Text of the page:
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HOME : Pre-Columbian Art : Basalt Metates and Altars : Guanacaste-Nicoya Basalt Ceremonial Metate
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Guanacaste-Nicoya Basalt Ceremonial Metate - PF.4869
Origin: Guanacaste, Nicoya, Costa Rica
Circa: 500 AD to 1000 AD
Dimensions: 11" (27.9cm) high x 24" (61.0cm) depth
Collection: Pre-Columbian
Style: Guanacaste-Nicoya
Medium: Basalt

Location: United States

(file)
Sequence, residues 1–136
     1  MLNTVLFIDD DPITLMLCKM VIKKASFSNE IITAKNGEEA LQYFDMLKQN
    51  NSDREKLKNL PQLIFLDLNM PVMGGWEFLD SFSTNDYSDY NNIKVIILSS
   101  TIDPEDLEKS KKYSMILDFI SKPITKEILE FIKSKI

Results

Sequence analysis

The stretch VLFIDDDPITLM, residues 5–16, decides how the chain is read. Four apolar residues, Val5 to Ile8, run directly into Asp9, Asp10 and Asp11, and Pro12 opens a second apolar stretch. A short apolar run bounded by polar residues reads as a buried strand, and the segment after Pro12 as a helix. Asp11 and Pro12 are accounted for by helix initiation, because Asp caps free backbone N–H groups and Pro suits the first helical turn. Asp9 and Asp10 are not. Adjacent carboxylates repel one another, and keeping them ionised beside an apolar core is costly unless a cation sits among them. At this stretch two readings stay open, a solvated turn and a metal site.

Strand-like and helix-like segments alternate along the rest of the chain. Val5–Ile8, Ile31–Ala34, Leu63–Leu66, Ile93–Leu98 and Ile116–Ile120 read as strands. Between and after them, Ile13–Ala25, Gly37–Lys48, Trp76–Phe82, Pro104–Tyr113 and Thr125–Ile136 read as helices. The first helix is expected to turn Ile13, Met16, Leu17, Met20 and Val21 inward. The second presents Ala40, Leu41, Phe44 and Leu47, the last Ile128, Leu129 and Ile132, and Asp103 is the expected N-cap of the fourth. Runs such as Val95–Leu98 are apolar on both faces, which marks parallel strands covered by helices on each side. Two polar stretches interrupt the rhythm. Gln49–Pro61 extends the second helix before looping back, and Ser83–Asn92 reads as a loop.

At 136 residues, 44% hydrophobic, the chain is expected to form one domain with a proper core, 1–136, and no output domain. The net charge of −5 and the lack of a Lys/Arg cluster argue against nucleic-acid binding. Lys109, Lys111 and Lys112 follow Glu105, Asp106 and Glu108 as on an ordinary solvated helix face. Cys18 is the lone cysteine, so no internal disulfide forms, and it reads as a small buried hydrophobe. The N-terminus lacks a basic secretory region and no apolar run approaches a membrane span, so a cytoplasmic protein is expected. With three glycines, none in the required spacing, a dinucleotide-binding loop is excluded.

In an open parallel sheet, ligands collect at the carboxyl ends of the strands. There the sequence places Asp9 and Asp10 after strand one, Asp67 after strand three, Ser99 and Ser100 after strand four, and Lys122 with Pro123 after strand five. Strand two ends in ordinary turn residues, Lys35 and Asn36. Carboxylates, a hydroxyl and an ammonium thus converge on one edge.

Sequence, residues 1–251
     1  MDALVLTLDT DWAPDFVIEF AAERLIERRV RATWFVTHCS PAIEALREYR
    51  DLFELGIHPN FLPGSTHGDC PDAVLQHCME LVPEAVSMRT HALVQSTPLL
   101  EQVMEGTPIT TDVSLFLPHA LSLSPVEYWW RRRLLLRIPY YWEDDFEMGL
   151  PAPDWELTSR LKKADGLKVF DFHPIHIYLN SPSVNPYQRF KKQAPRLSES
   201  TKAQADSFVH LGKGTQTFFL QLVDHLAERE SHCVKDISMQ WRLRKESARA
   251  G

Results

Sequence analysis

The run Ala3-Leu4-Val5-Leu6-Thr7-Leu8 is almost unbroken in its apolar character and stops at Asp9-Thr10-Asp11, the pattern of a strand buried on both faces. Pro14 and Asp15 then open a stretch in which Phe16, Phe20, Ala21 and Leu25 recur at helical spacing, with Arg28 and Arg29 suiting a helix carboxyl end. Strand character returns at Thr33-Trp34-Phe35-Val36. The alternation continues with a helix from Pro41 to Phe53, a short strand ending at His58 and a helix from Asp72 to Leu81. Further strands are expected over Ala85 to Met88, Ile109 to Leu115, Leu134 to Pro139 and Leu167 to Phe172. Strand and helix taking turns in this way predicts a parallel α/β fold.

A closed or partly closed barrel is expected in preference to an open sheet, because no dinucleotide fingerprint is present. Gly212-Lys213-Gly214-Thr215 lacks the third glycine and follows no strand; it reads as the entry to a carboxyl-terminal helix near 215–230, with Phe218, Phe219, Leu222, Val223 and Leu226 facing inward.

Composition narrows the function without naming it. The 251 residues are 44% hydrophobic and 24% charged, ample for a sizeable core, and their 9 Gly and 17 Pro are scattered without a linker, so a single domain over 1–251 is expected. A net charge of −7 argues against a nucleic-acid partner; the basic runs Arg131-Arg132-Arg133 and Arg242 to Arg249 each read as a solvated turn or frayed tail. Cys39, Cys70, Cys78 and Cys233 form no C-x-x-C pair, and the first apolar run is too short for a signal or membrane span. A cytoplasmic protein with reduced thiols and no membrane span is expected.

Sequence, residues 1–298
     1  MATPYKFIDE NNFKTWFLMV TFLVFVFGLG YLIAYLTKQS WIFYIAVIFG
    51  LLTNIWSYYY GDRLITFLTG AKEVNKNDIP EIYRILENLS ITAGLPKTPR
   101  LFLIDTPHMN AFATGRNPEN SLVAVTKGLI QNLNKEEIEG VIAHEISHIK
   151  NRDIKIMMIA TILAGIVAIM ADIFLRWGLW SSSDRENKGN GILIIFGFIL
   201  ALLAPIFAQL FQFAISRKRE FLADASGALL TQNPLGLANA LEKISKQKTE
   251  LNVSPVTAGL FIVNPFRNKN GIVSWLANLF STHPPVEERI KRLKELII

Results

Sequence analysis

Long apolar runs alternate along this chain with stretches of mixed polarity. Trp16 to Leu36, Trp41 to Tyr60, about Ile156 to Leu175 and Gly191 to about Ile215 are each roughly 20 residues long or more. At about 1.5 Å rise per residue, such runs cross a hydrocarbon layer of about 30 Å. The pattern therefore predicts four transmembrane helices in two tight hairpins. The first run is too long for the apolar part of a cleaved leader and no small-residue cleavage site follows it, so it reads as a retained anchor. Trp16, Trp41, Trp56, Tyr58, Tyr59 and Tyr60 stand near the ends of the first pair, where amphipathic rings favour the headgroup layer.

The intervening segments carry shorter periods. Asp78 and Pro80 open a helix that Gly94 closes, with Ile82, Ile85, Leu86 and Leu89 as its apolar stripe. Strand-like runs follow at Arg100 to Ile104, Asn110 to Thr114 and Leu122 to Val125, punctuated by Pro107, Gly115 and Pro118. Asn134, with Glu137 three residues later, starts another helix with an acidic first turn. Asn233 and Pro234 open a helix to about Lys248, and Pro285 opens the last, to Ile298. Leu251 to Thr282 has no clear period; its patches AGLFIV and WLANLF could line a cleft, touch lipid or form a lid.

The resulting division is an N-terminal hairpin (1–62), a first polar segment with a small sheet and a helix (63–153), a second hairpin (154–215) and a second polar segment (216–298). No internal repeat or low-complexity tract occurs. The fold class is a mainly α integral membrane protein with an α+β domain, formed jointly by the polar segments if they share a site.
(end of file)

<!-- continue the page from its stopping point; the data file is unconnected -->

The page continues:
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A curved grinding plate is a distinguishing feature of metates made in the Guanacaste-Nicoya Zone. There is some debate whether they were intended as chair for important person, or as instruments for grinding corn and other foods. Those with three legs were certainly not intended as chairs, and were consigned to tombs along with their owners. Used as a practical household device, the metate was also a symbol promulgated by the elite classes to represent transformation in the human life cycle. The raw grain grown on protected lands is ground into food for the nourishment of the people. all due to the power of the noble classes. This 'power' is then seen to continue on into the next world through an object of transformation. The metate therefore exists on two levels; on the physical plane as a functional work of art, and on the metaphysical sphere as a metaphor. Perhaps like the ancient Egyptians, the Costa Rican nobility believed they would use their personal possessions in the next life. In such a case they would want their most treasured objects to go with them, such as this elegant metate. - (PF.4869)


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